Mexico raises policy rate to 8.5%, highest in 16 years

MEXICO CITY (AP) — Mexico’s central bank raised its interbank interest rate by 0.75% to 8.5% on Thursday — the highest level in 16 years since comparable banking policies took effect.

The Bank of Mexico cited persistent inflationary pressures and predicted inflation would peak at 8.5% in the third quarter.

“Inflationary pressures derived from the pandemic and the war (in Ukraine) continue to affect headline and core inflation,” the central bank said in a statement.

Authorities have not ruled out future rate hikes and Intercam Bank said in an analysis report that interest rates could reach 10% or more, depending on inflation.

“The safest thing is to expect interest rates in Mexico to end 2022 at levels around 9.5%, with probabilities of prime interest rates increasing by 10% or more if inflation is not going down,” the Intercam report said.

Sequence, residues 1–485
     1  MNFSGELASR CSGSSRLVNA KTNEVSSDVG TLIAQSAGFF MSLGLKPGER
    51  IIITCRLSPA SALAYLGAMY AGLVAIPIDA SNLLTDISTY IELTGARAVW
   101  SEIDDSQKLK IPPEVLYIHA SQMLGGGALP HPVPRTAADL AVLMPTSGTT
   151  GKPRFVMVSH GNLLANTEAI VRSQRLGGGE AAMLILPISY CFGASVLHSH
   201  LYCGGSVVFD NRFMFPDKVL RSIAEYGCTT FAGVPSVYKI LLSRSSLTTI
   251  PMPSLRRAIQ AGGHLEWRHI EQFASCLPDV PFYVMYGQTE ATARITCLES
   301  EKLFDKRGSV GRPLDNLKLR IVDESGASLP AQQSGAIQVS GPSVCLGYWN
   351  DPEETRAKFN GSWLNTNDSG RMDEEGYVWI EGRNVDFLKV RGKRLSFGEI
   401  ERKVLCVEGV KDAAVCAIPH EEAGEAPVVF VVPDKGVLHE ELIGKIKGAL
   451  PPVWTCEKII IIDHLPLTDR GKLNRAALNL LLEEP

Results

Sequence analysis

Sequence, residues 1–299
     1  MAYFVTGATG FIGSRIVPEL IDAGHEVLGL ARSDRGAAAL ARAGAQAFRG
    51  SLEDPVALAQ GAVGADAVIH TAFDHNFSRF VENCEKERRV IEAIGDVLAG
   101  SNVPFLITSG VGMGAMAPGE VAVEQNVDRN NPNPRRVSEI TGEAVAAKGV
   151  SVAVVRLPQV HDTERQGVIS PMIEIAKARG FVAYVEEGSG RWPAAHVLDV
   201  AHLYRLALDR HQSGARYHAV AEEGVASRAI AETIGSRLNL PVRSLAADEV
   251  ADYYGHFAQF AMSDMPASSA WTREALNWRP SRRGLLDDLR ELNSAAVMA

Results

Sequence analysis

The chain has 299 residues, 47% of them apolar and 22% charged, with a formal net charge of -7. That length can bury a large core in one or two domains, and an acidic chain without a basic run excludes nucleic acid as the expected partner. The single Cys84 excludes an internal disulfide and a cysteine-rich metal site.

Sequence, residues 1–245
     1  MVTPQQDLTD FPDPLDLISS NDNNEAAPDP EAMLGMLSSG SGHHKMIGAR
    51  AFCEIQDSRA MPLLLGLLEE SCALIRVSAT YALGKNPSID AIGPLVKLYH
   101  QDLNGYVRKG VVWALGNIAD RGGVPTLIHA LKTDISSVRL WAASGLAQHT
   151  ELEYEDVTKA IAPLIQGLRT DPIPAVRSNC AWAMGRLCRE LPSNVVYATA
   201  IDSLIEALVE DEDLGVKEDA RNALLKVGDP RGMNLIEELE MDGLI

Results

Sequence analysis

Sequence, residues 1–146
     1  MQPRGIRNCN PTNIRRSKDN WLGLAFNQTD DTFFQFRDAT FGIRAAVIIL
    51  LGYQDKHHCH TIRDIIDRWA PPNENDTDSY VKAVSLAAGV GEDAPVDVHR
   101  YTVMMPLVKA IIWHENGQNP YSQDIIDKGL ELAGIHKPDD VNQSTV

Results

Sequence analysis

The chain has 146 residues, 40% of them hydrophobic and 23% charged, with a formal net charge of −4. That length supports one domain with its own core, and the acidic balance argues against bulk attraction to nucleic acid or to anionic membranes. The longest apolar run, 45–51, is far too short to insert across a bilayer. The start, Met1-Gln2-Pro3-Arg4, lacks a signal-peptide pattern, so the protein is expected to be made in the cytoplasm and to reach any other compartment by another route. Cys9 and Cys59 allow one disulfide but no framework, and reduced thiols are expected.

Mexico’s annualized inflation rate hit 8.15% in July, the highest in more than two decades.

The Mexican peso gained ground against the dollar ahead of the widely expected decision to hike rates. The peso closed below $20 at 19.96. Banco Base noted that the peso had gained 2.19% against the dollar over the past four sessions.

The Bank of Mexico predicted that inflation would fall to 7.1% by the first quarter of 2023 and to 3.1% by the first quarter of 2024. The central bank’s inflation target is by 3%.

Francisco Cervantes Díaz, the head of Mexico’s Business Coordinating Council, wrote of the rate hike: “It was planned, to combat volatility and high prices in certain sectors. The good news is that inflation should end 2023 at 3.2%.

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Stephen V. Lee